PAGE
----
“I have started to make very close friends and even very close acquaintances that have brought up to me concerns that they’ve had on this campus,” Loudermelt said. “After hearing these concerns I did what I could, one as a student employee, as a representative and things like that, but no one was responding to my emails, no one would respond to anything I would say. I was like, ‘OK, the only way to get things done is to have some sort of power within the student body.’”

The main problem Loudermelt identified on campus while serving as a Highsmith Building Manager was the amount of sexual assault and misconduct on campus that both she and Boyer said they thought wasn’t being substantially combatted.

“Title IX on this campus is no longer respected, and that is such a dangerous thing to have,” Loudermelt said.

According to Loudermelt, the best way to overcome the problem with perpetrators committing acts of sexual assault or misconduct is the lack of specific punishment or consequence outlined in the the Student Code of Conduct.

“The problem with that is that there is no ‘if you break this rule, this will happen.’ There’s no reprimation or punishments or anything listed out in the Student Code of Conduct,” Loudermelt said, later adding: “If this is in the student code of conduct, and they broke the Student Code of Conduct, it does not have to be without a shadow of a doubt. It has to be more likely than not which will help survivors and people that went through these types of instances have more of a system of justice or more of a realistic sense that something will be done within their case.”

The candidates also emphasize the importance of working towards bigger changes that would allow the university the ability to pay student employees a living wage.

Loudermelt promised the most dependable guarantee of their campaign was that their SGA administration would be transparent and forthcoming. If elected, the pair would also work to be more communicative with students and student organizations, according to Loudermelt.

“If SGA is not contacting students, student organizations, anything else besides administration, Board of Trustees — who are they serving?” Loudermelt questioned.

Responsible for the senate as the potential SGA vice president, Boyer said she would strive to be receptive and frequently be in touch with the senate, and help them to achieve their goals while maintaining an inclusive atmosphere. Boyer said she also hopes to help the senate to act on their goals.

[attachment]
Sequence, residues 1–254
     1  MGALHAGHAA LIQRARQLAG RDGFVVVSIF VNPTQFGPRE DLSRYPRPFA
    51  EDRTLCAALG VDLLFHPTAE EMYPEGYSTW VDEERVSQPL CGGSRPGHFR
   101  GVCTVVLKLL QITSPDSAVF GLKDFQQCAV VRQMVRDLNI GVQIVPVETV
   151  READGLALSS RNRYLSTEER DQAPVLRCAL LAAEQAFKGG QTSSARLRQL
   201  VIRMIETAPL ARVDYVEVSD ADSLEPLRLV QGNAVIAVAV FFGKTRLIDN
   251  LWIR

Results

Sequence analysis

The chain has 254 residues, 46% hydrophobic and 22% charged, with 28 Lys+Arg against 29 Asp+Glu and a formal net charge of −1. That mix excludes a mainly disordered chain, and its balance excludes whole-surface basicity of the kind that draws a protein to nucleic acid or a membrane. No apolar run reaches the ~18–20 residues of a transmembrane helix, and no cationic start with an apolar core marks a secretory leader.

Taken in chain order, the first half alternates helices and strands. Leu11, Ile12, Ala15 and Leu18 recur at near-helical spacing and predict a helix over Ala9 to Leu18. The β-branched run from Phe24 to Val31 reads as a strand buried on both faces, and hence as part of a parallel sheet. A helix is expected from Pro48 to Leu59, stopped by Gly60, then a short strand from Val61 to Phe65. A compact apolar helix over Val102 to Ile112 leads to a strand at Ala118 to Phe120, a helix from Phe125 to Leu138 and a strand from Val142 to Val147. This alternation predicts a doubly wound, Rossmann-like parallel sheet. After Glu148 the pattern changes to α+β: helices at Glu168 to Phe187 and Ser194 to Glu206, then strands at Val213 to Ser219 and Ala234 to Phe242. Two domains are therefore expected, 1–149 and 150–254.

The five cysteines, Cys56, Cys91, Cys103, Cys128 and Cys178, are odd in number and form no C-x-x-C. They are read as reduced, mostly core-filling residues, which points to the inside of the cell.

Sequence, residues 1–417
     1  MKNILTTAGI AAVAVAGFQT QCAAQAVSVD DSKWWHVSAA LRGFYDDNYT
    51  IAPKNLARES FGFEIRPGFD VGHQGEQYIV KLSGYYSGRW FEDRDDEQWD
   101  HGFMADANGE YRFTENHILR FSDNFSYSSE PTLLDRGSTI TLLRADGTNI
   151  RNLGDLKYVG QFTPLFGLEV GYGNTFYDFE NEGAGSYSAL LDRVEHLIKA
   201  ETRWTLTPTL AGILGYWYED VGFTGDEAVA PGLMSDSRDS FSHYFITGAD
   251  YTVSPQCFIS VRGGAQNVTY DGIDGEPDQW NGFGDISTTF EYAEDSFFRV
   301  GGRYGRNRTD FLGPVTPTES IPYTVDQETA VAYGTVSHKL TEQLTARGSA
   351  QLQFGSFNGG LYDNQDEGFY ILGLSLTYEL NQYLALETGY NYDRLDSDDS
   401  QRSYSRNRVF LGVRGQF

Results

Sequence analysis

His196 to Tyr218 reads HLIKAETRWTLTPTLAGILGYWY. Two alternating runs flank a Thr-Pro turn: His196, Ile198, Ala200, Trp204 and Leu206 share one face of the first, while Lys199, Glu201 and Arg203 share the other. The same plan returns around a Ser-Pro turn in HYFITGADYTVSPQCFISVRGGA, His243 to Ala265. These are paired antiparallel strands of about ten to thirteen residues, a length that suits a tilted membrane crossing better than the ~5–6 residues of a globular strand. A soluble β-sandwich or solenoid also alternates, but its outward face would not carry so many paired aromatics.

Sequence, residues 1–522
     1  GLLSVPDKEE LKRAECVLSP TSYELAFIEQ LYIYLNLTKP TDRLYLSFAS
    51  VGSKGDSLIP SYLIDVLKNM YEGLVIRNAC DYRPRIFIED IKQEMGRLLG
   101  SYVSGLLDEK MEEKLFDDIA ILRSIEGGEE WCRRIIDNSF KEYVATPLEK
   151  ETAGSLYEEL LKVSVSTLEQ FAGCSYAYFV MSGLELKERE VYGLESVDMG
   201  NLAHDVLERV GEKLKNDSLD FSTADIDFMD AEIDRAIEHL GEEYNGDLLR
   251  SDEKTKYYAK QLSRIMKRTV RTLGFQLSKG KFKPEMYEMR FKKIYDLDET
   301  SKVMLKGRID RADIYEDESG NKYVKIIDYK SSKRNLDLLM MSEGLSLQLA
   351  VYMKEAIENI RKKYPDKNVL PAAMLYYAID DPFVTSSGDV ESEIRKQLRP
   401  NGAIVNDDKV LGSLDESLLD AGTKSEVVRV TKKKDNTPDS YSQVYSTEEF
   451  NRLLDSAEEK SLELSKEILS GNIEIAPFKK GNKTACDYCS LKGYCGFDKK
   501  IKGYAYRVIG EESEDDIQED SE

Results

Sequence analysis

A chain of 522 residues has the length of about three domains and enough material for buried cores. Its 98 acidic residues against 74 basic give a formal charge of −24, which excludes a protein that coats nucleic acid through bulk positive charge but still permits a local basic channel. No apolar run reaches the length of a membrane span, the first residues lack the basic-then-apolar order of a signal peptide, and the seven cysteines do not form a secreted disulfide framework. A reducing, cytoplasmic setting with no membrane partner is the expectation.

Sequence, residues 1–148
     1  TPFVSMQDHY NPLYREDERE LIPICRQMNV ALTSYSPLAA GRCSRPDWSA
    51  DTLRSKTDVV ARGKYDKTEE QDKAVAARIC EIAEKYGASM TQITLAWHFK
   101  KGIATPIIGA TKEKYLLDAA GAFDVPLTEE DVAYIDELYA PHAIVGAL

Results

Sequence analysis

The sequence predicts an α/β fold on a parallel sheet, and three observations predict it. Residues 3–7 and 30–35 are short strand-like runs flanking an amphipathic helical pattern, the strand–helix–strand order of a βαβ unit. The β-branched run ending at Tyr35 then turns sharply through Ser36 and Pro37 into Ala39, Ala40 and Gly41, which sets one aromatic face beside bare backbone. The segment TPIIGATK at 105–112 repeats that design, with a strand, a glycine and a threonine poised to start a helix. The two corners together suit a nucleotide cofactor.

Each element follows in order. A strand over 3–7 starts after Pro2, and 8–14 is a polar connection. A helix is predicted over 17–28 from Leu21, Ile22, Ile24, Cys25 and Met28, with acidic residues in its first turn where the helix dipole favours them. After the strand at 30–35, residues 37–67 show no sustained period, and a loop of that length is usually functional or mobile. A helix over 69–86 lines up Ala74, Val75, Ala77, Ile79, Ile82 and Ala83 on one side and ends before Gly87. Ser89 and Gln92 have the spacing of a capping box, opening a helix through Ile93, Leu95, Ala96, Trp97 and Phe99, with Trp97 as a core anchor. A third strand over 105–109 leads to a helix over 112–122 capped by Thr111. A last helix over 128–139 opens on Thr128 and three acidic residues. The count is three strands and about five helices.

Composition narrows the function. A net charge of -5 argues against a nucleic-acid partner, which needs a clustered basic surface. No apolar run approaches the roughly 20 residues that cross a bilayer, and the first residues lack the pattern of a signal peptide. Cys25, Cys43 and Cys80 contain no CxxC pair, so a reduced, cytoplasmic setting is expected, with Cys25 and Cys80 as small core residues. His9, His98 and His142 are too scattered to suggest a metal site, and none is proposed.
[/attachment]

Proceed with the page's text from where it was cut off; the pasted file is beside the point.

“I know that people in SGA have wonderful, awesome ideas that just need them to come to fruition and I hope I can be that person to see it through,” Boyer said.

Loudermelt said that she would want to choose executives with help from student organizations or groups that would most interact with the particular executive.

“I think leading from the back is one of the most important parts of leadership because you have to say ‘Look at all of the wonderful people on my team,’ and that’s how you lead something,” Loudermelt said.

Though neither of the candidates have experience serving on SGA, they have other leadership experiences. Boyer currently works at the Highsmith guest services desk. Loudermelt spent this school year becoming more active on campus than she had been before. In addition to serving as the Highsmith building manager, Loudermelt is a fellow for a campus vote program, an executive for the political science club and serves as an executive student for the American College Union Institution. Loudermelt doesn’t view their lack of experience in SGA as a negative.

“Also not having experience might be a good thing at this point because a lot of times when you have experience within a role, you are tied to the ideas that the previous administrations have had,” Loudermelt said. “Coming in with a clean slate, not always knowing how things were done before, gives you a really good way to implement things that haven’t been done before but maybe a more streamlined way to do it.”